The idea of kindly and firmly setting reasonable boundaries as being an act of compassion punched me in the gut. In a good and bad way. To accept that premise means accepting the fact that all these years I haven’t been setting and communicating good, healthy boundaries means I’ve not been the kind of compassionate that is healthy for a relationship. It’s not been compassionate, it’s been fearful, dishonest, and ultimately hurtful. I’ve been compassionate in other ways, sure, but not in that particular way. Reframing boundary setting as an act of compassion towards other (as well as towards myself) rather than an act of self-preservation has motivated me to get better about being aware of my boundaries and learning how to set and communicate them in compassionate ways. As Brené says:

Compassionate people ask for what they need. They say no when they need to, and when they say yes, they mean it. They’re compassionate because their boundaries keep them out of resentment. When asked to speak at the event [for free], I said yes when I wanted to say no. I put no value on my work or my needs, and the event organizers, in turn, put no value on my work or my needs.

Rising Strong 115

Finally, the last idea I took with me and can’t stop mulling over is her light bulb moment and conviction that “we are all doing the best we can.” I’ll be honest: don’t quite know what to do with that idea. On one hand, I love it because it helps me be much more compassionate towards others. I can see how that belief would be very healthy and loving in my personal relationships. I strongly believe in giving everyone the benefit of the doubt, and this is a great mantra to help me do that.

On the other, it feels permissive, and flirts with being defeatist. What hope do we have of the kind of change our world needs if everyone is already doing the best they can? What does that statement even mean, in a deep way, anyway? What goes into what people are able to do? What does “best” mean? What can we truly and realistically expect of people?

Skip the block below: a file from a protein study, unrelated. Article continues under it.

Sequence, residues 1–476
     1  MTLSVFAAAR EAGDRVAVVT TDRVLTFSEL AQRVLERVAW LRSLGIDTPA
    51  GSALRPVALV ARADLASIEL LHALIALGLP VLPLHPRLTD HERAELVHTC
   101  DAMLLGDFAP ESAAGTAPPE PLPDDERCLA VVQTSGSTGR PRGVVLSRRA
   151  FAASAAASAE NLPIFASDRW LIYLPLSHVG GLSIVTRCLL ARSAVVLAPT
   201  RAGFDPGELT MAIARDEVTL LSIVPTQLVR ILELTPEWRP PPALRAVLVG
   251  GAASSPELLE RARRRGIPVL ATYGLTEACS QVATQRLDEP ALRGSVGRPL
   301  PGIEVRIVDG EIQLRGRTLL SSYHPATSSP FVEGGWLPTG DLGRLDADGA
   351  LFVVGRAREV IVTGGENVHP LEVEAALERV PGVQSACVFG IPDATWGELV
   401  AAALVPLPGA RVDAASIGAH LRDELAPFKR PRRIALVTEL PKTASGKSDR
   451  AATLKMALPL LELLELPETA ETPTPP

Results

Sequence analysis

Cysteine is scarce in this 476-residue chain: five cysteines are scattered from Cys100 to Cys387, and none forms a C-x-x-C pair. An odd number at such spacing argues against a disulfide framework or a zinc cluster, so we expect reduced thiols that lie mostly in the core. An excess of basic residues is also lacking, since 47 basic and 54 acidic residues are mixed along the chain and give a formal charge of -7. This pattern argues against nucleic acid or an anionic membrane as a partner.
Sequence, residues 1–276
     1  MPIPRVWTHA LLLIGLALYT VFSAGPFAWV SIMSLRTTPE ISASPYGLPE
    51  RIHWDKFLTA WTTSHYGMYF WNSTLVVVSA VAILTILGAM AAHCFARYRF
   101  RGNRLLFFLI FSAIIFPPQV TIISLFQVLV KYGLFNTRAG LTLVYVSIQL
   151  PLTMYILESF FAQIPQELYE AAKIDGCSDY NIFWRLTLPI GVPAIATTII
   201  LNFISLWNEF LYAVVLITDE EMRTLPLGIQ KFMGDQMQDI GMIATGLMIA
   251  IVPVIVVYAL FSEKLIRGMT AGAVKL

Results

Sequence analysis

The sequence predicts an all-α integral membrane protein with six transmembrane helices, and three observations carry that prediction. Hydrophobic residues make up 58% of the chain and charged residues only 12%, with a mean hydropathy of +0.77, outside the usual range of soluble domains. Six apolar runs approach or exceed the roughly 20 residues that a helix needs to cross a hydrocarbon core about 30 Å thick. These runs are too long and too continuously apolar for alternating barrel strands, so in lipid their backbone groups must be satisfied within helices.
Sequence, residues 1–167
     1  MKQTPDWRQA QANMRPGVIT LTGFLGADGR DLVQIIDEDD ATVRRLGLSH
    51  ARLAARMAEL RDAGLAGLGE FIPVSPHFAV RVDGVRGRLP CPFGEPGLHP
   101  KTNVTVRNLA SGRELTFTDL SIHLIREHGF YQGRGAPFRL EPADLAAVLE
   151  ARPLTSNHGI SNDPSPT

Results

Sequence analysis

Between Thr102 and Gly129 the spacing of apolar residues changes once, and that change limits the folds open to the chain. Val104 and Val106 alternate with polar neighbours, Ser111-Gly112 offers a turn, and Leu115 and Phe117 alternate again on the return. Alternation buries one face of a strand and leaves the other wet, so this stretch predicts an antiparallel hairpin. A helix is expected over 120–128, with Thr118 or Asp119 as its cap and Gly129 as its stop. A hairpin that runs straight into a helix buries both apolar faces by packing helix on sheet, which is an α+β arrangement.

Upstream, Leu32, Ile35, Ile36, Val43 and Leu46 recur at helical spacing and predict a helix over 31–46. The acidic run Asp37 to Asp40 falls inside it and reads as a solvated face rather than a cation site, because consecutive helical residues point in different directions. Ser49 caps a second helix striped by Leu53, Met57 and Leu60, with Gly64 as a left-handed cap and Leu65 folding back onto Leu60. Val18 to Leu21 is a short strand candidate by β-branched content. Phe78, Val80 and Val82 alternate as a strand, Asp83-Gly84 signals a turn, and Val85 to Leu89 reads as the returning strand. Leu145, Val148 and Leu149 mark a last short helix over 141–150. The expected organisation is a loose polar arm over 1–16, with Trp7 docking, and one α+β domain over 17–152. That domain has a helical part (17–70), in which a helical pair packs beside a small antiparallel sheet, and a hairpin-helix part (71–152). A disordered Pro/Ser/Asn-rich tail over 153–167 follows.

In general, I think we are way too optimistic about what we can expect of others. (See most recent A/O/V interludes for my thoughts on that!) But I also am enraged by the willful harms perpetrated by people in this country and this world, some from people in the most absurd positions of privilege who really, truly, and absolutely know better, while also having ALL CONCEIVABLE RESOURCES to do better. How do I reconcile those two conflicting beliefs?

I don’t have a good answer for that. I probably won’t ever — it seems to be one of those maddening, unresolvable dimensions and questions of what it means to live and be human. I did and do appreciate how Brené grappled with it, however, and what she found that was useful to her. I imagine her conviction will be useful for others, as well. Even though I’m not quite able to meet her there, it’s gotten me thinking more about yet another facet of compassion, and I’m grateful for that. (As well as grateful for her compassion stance towards other humans.)

As I’m writing this out, I realize that that’s the big takeaway I got from this book. How to be more compassionate towards myself and others, through the stories I tell myself about me and about others, as well as through the way I learn to set good boundaries and use what I’ve learned about ourselves and others to set appropriate expectations.

I know the self-help genre gets a bad rap sometimes, which I don’t quite understand. Why wouldn’t we want to heal our wounds and be better people to those around us? A blog post for another time. I think Brené’s work is important and penetrating and helpful, and I’m glad I was able to read this book on a wonderful vacation, made both better and more complicated by the reading of this book. And Rising Strong wasn’t even the most life-changing book I read! Onto Erich Fromm….